Back When … Spring Creek County
On Nov. 17, 2015, a forgotten part of Texas history was brought to light and honored with a Texas Historical Commission Marker. Spring Creek County was one of 16 “Judicial” counties established between 1840 and 1842 to provide better access to citizens when conducting government business, such as recording deeds, paying taxes, court proceedings, and other business activities. In the early days of Texas, the County Courthouse was where the real business of government took place.
Harrisburg County was created in 1836 and in December 1839 it became Harris County, with the city of Houston as the county seat. Montgomery County was established by the act of Dec. 14, 1837 and the city of Montgomery was declared the county seat. The county seats of Houston and Montgomery were 30 to 45 miles away from the Spring Creek area depending on your location. The people living in the Spring Creek area were farmers, doctors, merchants, ministers, blacksmiths and veterans of the Battle of San Jacinto. At the time the only transportation was a horse, and people living on the outer edges of the counties would need a day or two to reach their county seat. It was too far away and inconvenient to serve on juries or conduct business. On Nov. 4, 1840, 130 male residents residing around the Spring Creek area signed a petition to the Congress of the Republic of Texas to create a new county comprising portions of Harris and Montgomery counties along Spring Creek.
Congress established Spring Creek County on Jan. 21, 1841 to give the residents better access to county offices and officials. The centrally located county seat would be a new town to be named Greenville. It was to be located on a high ridge one-quarter mile south of Spring Creek near today’s Rose Hill west of Tomball. The Republic of Texas Constitution stated that each county would have at least one representative in Congress, and the Congress was limited to 40 representatives until the population of the Republic reached 100,000 residents. So the new Spring Creek County, as well as 15 others, were established as ”judicial” counties, meaning that all court and government services would be supplied by the new county, but the congressional districts would remain the same, covering parts of multiple counties, as they do today.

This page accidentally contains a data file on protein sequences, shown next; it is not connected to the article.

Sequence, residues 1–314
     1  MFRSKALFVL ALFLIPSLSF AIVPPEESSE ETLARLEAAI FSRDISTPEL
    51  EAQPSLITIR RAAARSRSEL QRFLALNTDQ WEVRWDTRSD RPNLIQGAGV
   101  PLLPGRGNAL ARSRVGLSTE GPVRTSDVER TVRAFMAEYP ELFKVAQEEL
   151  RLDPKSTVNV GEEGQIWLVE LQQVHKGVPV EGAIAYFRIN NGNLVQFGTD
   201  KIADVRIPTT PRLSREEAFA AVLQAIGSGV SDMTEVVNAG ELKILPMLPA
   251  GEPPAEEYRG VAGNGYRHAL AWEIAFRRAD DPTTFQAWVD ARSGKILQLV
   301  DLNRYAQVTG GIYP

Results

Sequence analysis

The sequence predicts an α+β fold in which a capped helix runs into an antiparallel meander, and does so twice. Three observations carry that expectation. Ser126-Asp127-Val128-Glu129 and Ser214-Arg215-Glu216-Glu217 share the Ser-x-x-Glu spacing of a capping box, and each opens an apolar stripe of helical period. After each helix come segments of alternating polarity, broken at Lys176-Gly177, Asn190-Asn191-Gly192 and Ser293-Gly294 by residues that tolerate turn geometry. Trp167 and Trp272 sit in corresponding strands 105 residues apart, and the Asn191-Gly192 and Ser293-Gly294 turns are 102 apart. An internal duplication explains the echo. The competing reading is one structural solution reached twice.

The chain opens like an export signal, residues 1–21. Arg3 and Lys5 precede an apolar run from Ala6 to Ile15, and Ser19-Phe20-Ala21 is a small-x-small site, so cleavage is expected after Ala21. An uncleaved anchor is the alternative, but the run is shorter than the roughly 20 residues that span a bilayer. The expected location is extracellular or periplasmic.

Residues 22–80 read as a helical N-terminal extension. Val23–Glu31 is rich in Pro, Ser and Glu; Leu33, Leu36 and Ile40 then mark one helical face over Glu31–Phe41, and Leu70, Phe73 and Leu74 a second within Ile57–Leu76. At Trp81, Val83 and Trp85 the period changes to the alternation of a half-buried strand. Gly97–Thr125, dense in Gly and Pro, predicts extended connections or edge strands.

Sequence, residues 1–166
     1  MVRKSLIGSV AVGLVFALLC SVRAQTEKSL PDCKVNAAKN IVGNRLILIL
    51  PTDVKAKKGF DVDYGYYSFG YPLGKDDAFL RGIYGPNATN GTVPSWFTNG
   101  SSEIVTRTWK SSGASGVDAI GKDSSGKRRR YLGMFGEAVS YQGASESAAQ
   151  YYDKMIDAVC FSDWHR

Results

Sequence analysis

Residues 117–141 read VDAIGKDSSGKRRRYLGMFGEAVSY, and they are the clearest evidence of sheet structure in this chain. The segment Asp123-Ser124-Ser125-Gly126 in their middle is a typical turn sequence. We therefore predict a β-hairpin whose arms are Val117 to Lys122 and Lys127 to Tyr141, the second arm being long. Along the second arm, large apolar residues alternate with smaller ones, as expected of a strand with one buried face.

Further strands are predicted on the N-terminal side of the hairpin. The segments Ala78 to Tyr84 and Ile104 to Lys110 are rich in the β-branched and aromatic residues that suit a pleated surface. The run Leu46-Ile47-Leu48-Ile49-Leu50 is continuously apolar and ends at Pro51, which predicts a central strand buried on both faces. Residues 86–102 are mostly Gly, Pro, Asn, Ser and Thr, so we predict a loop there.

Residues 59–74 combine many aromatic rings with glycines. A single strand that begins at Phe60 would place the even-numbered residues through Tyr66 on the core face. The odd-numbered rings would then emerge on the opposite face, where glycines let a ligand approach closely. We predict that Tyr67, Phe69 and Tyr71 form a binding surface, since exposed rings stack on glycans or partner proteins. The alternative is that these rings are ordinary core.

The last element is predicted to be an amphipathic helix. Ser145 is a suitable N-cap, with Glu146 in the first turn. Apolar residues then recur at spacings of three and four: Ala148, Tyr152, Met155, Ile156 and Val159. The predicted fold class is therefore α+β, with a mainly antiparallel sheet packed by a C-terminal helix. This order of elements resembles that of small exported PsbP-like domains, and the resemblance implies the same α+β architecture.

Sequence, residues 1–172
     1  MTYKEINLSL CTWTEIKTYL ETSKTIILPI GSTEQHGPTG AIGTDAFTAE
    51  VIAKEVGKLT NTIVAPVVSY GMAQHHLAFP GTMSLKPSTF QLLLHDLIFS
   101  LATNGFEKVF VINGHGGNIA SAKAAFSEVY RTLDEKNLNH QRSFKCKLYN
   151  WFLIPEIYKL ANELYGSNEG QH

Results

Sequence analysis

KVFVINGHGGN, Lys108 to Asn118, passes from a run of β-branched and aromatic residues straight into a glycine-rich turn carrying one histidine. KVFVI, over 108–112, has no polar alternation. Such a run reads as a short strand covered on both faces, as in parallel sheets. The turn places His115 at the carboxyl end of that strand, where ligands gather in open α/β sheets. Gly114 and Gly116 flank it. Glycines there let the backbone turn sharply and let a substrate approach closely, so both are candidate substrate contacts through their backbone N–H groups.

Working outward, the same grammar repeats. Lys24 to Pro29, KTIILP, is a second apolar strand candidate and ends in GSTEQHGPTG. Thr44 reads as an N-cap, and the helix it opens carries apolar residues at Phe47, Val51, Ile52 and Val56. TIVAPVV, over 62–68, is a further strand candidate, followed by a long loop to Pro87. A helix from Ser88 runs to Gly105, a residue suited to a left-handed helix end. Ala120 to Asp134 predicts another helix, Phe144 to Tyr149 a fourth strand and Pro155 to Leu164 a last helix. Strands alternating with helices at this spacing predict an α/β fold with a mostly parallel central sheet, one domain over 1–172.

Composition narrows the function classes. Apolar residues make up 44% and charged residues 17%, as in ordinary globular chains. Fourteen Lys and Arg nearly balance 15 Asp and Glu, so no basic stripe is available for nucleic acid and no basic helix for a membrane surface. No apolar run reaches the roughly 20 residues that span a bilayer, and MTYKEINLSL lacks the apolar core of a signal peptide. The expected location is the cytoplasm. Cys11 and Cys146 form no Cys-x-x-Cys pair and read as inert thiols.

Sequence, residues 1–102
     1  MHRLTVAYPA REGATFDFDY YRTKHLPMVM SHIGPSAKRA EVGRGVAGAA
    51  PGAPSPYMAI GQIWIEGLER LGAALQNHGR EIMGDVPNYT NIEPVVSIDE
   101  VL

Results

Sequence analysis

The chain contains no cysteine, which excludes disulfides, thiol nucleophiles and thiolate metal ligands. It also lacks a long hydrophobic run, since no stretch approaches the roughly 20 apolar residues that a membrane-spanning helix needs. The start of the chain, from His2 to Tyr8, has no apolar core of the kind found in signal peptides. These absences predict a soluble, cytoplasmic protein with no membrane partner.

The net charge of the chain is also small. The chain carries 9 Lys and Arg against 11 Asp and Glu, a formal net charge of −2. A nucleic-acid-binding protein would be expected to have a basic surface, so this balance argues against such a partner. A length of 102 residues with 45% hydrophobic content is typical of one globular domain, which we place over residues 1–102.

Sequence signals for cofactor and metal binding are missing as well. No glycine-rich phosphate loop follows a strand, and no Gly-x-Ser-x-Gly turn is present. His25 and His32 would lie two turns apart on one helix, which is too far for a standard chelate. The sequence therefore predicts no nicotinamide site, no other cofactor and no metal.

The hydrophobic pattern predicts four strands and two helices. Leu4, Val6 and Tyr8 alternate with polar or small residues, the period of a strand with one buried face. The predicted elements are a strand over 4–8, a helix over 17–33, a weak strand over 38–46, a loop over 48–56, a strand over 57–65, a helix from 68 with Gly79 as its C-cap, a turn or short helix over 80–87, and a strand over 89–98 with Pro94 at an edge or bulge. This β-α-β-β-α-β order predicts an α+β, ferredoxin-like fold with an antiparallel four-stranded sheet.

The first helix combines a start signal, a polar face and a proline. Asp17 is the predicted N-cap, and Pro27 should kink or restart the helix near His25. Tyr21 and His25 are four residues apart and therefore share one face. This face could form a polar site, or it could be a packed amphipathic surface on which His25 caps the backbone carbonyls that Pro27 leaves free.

William Pierpont, Isaac Decker, James Cooper, George W. Cropper, Abram Roberts and Archibald Smith were named County Commissioners. James Cooper was appointed Chief Justice (County Judge), and on May 8, 1841, the following officials were elected: District Clerk William B. Reeves, County Clerk Thomas M. Hogan, Coroner Jason Whitney, Sheriff Alexander F. Barron, Surveyor Eugene Pillot, and Justices of the Peace Henry T. Mostyn, Claude N. Pillot, Nathaniel J. Carrol, Samuel Davis, James Dickson and John Simmons.
On February 4, 1842 the Republic of Texas Supreme Court ruled that the 16 judicial counties, including Spring Creek County, were unconstitutional because they did not have separate representation in Congress. The areas of these counties were then returned to their respective parent counties. Many former judicial counties were recreated after statehood in 1845. Spring Creek County is the only one whose territory remains almost entirely within its parent counties.
Both Harris County and Montgomery County officials as well as members of their respective Historical Commissions participated in the historic marker dedication ceremony at Spring Creek Park in Tomball. We want to thank Trevia W. Beverly and Bernice Mistrot for their dedication and countless hours of research in writing the narrative for the Texas Historical Commission Marker and in granting us permission to use their research in this article.